Unfortunately, even though they play this key homeostatic role, they are upregulated or enhanced in a number of diseases, particularly in cancer, and therefore they represent a major barrier to effective anti-tumour immunity. That has been demonstrated in mouse models of human cancer and a lot of clinical trial data showing correlates between increased regulatory T-cells with either poor prognosis or poor response to some therapeutic treatments.

What advances are you seeing towards treatments?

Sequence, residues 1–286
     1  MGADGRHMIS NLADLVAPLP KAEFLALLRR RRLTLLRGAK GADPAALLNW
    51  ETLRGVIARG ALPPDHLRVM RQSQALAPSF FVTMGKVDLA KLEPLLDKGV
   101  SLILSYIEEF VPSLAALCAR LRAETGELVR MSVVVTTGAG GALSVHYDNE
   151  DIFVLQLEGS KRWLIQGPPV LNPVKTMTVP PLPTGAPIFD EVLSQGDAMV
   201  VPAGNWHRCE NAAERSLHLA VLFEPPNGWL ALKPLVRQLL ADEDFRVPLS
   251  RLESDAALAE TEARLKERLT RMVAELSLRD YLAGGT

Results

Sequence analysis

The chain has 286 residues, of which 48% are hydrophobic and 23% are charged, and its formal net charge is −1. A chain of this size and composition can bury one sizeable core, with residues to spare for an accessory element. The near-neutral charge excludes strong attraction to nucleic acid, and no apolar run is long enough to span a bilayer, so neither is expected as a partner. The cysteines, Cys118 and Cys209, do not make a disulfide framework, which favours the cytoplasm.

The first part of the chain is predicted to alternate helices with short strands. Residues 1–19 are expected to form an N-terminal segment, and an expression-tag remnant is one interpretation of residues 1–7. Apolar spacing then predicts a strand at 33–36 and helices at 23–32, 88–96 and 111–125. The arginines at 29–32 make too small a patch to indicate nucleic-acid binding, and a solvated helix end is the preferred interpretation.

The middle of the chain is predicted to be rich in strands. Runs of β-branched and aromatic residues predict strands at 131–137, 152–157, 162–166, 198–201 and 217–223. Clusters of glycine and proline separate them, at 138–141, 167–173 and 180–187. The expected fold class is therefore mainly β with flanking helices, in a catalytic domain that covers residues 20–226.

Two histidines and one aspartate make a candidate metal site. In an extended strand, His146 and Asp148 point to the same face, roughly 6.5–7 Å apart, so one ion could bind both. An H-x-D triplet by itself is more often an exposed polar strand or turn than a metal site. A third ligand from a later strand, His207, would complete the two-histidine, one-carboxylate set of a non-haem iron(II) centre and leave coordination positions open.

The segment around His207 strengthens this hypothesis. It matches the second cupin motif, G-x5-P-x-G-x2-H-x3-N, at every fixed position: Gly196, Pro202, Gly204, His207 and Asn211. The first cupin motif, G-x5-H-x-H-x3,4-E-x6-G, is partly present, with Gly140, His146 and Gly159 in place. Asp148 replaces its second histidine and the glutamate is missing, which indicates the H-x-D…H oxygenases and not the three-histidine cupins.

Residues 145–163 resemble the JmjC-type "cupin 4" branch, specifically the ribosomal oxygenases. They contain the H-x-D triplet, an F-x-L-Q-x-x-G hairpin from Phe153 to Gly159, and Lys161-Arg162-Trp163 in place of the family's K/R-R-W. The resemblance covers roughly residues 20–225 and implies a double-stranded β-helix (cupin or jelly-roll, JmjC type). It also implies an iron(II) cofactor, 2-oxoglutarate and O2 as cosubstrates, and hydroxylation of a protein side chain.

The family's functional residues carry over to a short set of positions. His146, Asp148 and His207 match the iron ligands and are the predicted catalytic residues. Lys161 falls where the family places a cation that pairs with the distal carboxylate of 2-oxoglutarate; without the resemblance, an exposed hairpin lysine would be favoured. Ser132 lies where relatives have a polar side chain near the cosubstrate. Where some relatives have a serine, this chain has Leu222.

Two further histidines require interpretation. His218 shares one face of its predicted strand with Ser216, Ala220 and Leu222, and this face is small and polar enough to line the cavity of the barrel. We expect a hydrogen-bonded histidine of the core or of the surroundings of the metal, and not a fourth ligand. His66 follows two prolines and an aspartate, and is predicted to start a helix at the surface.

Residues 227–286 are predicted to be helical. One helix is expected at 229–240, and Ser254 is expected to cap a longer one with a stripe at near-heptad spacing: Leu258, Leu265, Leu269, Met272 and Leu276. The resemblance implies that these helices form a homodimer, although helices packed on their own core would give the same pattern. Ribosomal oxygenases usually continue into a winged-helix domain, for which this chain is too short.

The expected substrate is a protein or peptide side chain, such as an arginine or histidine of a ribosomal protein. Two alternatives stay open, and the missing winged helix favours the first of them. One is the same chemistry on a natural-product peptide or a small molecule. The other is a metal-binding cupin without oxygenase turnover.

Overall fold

There’s obviously enormous interest and excitement about the efficacy that has been seen with checkpoint inhibition, anti-CTLA4 and anti-PD-1 are obviously in the clinic. Of course there’s inevitably a lot of attention to additional checkpoint inhibitors, LAG-3 was the next one in the clinic. Actually that’s something that we have particular interest because we’ve been working on LAG-3 for over fifteen years, probably published more papers on LAG-3 than most other groups, so we’re very interested in that. But clearly a lot of people are thinking beyond checkpoint inhibition. Obviously people are interested in trying to upregulate co-stimulation through agonist activation but with regard to the focus of my talk and what we’re discussing here, people are also trying to find ways to manipulate regulatory T-cells as well as other inhibitory populations. But that’s further behind with regard to clinical development but there are three or four ways one could think about modulating them: firstly by modulating their capacity to migrate into the tumour and, indeed, that’s probably the first thing that’s in the clinic. A molecule called CCR4 is a chemokine receptor, it basically functions to guide a cell where it migrates. A lot of tumours will make high amounts of the ligands for CCR4, therefore attracting regulatory T-cells into the tumour microenvironment and thereby helping to protect them against the immune system. So an antibody to CCR4, mogamulizumab, is in clinical trials at the moment; too early to say how efficacious it will be but that will be interesting to see if that is an effective modality.